In St John the Forerunner, today’s feast celebrated a unique figure.
As the seal of the prophets of the Old Covenant and the herald of the Messiah and His New Covenant, he looks back to the Judaic world of the Old Testament and forward to the new age of Faith, manifest in the life of Christ, the preaching of the Gospel and the foundation of the Church as the New Israel.
St John stood on a boundary between the old and the new, as a wild and challenging figure, living in a manner similar to some of his Jewish contemporaries living an ascetical lifestyle, but is unique in the mission and meaning of that unconventional life: “The voice of one crying out in the wilderness: ‘Prepare the way of the Lord, make his paths straight.’ ”
He was not an easy figure, but challenging, unabashed in his preaching, saying things that some did not want to hear. To recall this today is striking at a time of crisis in eastern Europe, when voices ‘in the wilderness’ are silent, and Church leaders fail to speak in the spirit of the Forerunner and call Herod to account.
As we celebrate his Nativity, we might well ask, where is the spirit of the Forerunner, not only in the Church, but also in our own lives and communities?
When Christianity becomes respectable and institutionalised, the flame is dying, and the lukewarmness of user-friendly, easy faith is an ersatz imitation of the challenging edginess that Christianity should always have for us.
When the zeal of Faith becomes dissolved in middle-class ‘niceness’ and suburban respectability, when Christianity should have ‘bite’ and challenge us all to be ‘spiritual activists’ struggling to storm the Kingdom of Heaven, we are far from the spiritual zeal of the Forerunner.
This does not mean that we should be catapulted into political-activism and placard-carrying protest, but rather that we should personally embody the radical message of the Gospel, which is counter-cultural in the materialistic and anthropocentric darkness of the current age, gripped by the idols of self, wealth, health, ‘efficiency’ (reflected in the normalisation of abortion, euthanasia, surveillance, government erosion of freedom of expression etc.), let alone the moral and spiritual bankruptcy of those who rule and make such major decisions in the world.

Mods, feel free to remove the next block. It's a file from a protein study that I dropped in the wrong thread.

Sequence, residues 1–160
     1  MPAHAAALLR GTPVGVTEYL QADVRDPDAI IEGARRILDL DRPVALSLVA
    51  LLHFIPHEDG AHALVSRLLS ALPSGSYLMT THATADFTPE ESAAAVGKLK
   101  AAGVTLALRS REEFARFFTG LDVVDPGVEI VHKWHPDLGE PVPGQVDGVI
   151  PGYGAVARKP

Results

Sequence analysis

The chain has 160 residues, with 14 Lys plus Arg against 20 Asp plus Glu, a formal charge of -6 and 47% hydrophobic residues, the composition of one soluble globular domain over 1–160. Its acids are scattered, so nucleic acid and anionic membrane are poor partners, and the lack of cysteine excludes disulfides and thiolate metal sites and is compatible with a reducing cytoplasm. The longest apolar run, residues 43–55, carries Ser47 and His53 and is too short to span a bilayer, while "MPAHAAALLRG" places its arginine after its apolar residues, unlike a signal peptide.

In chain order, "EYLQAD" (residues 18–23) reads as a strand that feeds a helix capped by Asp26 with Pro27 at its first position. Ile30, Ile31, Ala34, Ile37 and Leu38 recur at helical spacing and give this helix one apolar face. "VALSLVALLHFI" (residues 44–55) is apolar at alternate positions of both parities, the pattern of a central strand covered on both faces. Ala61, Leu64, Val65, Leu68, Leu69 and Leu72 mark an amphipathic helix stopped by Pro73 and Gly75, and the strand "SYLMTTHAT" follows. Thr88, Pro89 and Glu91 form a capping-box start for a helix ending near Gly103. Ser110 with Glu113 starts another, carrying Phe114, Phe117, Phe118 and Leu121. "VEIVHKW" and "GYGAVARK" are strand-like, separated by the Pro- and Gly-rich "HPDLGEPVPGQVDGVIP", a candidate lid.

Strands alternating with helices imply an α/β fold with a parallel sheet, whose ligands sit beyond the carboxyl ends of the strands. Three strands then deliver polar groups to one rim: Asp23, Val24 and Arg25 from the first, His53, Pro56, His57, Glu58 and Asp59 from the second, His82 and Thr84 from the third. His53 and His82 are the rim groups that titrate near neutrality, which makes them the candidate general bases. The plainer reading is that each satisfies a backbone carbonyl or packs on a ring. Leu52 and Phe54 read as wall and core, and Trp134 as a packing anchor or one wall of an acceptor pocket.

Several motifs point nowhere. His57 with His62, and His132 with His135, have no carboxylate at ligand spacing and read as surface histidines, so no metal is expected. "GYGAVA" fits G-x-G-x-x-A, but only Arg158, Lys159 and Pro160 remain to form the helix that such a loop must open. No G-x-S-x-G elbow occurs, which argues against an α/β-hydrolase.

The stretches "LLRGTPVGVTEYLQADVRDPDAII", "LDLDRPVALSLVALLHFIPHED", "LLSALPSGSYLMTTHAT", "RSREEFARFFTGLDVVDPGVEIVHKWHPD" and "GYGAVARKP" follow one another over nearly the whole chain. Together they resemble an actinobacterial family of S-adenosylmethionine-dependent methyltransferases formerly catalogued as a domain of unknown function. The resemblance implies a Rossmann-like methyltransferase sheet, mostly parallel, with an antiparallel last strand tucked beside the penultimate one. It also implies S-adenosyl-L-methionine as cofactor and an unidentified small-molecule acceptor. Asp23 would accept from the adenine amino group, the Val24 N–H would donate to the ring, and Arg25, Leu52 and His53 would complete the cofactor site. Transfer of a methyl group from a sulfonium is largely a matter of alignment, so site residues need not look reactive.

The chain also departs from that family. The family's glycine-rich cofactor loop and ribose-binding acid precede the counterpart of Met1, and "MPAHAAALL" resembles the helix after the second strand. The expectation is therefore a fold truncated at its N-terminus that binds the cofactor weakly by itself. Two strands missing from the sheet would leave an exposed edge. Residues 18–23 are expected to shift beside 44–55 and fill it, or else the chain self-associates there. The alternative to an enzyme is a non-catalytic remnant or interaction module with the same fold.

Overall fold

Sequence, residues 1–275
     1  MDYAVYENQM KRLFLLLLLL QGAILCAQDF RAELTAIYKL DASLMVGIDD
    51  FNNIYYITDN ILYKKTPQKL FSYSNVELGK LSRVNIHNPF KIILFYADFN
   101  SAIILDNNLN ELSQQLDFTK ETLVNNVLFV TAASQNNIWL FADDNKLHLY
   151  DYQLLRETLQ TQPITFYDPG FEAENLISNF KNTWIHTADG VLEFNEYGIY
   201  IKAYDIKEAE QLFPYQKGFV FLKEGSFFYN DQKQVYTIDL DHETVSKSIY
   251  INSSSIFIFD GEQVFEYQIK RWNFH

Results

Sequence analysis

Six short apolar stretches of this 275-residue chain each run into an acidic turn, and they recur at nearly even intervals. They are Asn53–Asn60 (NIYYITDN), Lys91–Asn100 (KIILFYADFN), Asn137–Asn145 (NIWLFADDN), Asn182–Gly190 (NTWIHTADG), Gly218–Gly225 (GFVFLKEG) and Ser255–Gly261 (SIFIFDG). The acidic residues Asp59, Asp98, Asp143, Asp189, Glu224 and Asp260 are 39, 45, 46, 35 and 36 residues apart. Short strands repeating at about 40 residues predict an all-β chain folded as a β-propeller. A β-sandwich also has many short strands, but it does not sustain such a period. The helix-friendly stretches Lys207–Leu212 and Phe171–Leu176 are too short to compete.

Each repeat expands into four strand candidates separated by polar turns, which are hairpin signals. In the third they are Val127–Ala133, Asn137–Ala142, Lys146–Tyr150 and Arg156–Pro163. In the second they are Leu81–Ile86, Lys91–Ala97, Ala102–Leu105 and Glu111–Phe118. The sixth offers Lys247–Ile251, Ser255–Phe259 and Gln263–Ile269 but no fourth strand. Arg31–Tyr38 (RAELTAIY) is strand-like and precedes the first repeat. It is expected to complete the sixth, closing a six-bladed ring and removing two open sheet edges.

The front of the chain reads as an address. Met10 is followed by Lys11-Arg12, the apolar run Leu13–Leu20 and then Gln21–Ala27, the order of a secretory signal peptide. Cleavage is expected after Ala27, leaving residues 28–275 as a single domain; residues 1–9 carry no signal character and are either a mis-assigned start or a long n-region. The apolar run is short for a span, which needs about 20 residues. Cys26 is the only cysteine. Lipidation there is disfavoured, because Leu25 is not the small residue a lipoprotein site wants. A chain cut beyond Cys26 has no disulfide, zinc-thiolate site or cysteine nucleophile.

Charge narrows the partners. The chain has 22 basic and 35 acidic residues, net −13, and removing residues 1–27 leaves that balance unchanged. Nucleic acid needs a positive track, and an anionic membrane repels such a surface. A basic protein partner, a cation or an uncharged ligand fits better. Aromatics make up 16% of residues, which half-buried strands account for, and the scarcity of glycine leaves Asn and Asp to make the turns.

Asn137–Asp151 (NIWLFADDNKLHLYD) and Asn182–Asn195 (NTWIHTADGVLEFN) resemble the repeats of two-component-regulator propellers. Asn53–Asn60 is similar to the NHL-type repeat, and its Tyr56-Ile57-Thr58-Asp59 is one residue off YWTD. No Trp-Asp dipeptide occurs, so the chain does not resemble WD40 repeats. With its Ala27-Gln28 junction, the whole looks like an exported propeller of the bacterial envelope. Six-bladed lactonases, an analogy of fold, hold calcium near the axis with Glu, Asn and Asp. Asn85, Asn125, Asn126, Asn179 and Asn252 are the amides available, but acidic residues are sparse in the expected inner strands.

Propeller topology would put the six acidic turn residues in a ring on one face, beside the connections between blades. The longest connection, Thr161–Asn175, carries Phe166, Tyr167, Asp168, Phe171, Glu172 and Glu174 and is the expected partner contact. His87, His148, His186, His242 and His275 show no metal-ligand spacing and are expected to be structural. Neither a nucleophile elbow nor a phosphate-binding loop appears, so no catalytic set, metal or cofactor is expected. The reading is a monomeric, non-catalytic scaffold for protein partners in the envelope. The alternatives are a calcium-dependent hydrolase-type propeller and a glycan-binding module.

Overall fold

Faith must have a voice in this darkness as traditional Christians are labelled bigots, reactionaries and medievalists by both secularists and self-proclaimed ‘Christians’ who have willingly and gladly embraced the agendas, causes and -isms of the fallen world, as authentic Christianity is forced into the shadows, and the warm, but deadly glow of a vague and ambiguous ‘religious’ universalism replaces Christ-the Cornerstone.
As the Forerunner’s life and death teach us, this voice has a cost – possibly a very great cost.
This was the cost paid by the martyrs, among whom we hold both St John and his righteous father Zacharias, who was “murdered between the Temple and the altar.” St Gabriel Ugrebadze paid this cost by being incarcerated by the Soviets and injected with chemicals. St Maria of Paris paid this cost by being arrested by the Nazis and incarcerated in Ravensbruck, where she met her death in the gas-chamber; the martyred Father Daniel Sysoev paid this price when he was slain in his own temple by Islamists.
Even as Christians claiming the fullness of the Faith in a Church which rejects compromise, and the dangers of modernism, today’s feast is a challenge to each of us, but as we celebrate the Forerunners memory, are we ready and would we be prepared to pay the price for being a voice in the current wilderness preaching the Truth of Faith – Truth which may be dangerous and costly ?
This is a challenge for each of us – perhaps an uncomfortable one for most of us – but a challenge we must embrace.